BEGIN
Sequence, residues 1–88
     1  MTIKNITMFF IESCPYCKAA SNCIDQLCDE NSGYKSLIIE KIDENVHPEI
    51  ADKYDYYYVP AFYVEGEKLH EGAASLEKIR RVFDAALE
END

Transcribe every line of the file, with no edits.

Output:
Sequence, residues 1–88
     1  MTIKNITMFF IESCPYCKAA SNCIDQLCDE NSGYKSLIIE KIDENVHPEI
    51  ADKYDYYYVP AFYVEGEKLH EGAASLEKIR RVFDAALE